Neural correlates of the Bezold-Br'cke color shift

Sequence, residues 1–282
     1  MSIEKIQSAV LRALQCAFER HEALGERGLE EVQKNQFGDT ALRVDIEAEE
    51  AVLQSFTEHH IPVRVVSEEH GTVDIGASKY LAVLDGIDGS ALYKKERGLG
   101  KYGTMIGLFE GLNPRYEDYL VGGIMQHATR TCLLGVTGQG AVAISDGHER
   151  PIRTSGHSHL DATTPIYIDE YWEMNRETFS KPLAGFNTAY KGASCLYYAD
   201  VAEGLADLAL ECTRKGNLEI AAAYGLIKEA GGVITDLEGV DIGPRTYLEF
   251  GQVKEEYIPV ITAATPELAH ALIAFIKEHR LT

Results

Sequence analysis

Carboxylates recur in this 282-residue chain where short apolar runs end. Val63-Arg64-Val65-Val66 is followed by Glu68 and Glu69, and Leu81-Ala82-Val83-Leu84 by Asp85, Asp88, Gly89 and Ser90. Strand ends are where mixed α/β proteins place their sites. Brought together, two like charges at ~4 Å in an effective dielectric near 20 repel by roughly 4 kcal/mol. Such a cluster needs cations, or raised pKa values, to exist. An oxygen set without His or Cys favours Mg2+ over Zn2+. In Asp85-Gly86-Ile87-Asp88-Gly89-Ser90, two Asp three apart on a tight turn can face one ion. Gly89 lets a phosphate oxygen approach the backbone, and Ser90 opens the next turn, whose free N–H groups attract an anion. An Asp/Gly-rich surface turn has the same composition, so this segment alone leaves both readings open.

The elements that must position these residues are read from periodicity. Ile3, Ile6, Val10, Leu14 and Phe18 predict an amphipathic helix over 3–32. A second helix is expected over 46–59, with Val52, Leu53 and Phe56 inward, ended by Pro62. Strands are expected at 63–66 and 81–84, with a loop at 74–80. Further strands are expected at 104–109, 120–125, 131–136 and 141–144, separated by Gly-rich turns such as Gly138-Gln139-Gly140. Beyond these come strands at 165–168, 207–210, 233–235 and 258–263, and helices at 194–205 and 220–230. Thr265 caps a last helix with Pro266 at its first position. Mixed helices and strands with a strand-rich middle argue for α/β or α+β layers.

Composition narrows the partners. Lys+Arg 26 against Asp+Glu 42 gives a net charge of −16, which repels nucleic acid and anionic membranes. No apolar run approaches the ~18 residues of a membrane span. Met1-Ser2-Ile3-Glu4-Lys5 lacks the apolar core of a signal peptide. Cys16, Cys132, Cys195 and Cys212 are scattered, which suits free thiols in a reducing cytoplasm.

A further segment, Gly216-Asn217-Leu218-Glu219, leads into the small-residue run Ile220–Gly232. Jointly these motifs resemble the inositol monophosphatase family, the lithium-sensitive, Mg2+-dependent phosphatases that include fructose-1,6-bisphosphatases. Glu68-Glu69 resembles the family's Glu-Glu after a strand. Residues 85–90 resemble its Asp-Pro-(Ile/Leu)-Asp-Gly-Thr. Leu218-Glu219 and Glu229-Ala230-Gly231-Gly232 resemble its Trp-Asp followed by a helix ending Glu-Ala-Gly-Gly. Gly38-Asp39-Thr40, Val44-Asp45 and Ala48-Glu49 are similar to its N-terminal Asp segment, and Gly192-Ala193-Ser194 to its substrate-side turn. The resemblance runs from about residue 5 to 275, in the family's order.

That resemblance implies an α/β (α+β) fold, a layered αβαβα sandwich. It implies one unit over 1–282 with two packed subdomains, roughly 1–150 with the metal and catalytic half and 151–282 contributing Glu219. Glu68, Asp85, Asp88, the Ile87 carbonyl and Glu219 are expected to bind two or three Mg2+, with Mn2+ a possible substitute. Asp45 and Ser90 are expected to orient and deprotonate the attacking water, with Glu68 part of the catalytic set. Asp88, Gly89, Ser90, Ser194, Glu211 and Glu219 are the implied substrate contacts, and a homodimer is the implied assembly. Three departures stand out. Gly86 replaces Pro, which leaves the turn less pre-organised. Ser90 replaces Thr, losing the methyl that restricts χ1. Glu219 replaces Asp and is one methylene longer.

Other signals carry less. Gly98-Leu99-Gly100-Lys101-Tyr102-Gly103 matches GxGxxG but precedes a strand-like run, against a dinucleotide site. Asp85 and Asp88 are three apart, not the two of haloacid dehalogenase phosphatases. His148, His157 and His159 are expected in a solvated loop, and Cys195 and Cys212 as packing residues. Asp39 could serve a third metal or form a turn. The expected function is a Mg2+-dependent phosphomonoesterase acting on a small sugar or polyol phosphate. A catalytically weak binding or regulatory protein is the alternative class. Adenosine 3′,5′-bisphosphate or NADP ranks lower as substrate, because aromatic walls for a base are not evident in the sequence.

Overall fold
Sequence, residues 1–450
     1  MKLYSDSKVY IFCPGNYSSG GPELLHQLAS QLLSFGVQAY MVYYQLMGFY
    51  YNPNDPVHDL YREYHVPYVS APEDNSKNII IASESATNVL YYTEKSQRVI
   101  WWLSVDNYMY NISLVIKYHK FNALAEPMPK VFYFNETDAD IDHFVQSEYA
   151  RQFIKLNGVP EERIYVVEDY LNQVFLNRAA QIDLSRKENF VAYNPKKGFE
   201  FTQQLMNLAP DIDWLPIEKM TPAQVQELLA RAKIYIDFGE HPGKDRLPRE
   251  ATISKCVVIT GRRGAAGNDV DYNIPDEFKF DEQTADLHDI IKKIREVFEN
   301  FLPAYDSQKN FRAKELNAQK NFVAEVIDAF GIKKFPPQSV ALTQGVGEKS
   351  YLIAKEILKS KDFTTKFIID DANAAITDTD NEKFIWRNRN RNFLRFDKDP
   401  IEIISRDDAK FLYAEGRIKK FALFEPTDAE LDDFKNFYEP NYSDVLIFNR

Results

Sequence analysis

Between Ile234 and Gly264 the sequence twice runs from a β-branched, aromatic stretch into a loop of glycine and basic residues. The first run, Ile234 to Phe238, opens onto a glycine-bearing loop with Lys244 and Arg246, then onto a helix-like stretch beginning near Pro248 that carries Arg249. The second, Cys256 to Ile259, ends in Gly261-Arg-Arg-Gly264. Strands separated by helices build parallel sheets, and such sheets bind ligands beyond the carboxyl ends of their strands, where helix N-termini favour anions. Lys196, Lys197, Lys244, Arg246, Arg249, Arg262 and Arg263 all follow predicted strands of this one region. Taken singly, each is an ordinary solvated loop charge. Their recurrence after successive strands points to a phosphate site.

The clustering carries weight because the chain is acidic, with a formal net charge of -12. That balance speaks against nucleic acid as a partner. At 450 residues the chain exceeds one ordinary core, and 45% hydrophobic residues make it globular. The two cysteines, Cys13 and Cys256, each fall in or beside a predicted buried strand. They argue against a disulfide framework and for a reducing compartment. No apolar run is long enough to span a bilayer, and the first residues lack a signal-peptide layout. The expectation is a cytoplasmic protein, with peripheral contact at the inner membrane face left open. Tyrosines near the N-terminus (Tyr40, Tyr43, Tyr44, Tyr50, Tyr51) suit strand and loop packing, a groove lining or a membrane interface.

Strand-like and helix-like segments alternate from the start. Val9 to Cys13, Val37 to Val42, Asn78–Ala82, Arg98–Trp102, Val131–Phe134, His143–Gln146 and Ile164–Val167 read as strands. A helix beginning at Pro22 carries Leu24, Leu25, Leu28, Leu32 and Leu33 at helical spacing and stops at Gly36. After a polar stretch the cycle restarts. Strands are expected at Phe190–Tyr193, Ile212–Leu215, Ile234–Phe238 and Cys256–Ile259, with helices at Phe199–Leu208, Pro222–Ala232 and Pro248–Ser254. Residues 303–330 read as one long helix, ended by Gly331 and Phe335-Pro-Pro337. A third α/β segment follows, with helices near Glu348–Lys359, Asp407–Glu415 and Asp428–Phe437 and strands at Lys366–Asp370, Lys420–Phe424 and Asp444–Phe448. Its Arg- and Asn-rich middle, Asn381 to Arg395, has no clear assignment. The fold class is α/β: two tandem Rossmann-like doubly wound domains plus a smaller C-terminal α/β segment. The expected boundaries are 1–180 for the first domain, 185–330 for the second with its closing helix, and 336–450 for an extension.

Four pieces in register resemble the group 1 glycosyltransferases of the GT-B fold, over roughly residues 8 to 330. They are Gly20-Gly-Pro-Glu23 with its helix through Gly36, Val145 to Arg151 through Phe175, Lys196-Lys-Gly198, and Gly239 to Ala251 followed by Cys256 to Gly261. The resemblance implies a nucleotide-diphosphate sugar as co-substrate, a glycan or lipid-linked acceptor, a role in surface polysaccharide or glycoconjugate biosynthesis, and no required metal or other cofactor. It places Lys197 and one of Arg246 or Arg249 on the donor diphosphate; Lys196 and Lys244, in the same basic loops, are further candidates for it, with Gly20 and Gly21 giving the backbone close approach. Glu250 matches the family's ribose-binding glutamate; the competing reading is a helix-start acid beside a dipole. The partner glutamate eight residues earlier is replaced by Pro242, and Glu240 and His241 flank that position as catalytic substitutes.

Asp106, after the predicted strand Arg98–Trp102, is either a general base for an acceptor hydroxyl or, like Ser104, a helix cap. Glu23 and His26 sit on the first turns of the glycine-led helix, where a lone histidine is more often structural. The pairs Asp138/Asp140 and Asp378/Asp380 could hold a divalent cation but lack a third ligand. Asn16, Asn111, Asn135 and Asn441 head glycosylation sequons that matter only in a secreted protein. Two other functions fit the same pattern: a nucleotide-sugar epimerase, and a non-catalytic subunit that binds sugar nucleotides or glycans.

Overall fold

Our ability to see and recognize objects seems effortless, yet depends upon an elaborate neural circuitry that is poorly understood. We use the macaque monkey as a model system to investigate the neural mechanisms of vision because the monkey has highly developed visual abilities like humans. In monkeys, we can collect responses from neurons throughout the visual-processing pathway, allowing us to establish neural correlates of perceptual phenomena. To understand whether the specific computations neurons are performing are important to perception, we compare neural responses to perceptual judgments. In this study I explored the neural correlates of the Bezold-Br'cke hue shift, which describes the observations that the color associated with a particular wavelength changes depending on the intensity of the light. For example, lights that are blue at low luminance will appear greener at higher luminance. The Conway lab discovered clusters of neurons in macaque visual area V4 that show sharp color selectivity. In my project, I tested the extent to which these neurons shift their color preferences as the luminance of the stimuli is changed. To evaluate the extent to which these cells could support the Bezold- Br'cke perceptual phenomenon, I measured human color judgments in a color-matching task, using the same stimuli that were used to test the color properties of the macaque neurons. If the color cells in V4 are responsible for color perception, I predict that the shifts in their color tuning should be tightly correlated with perceptual judgments.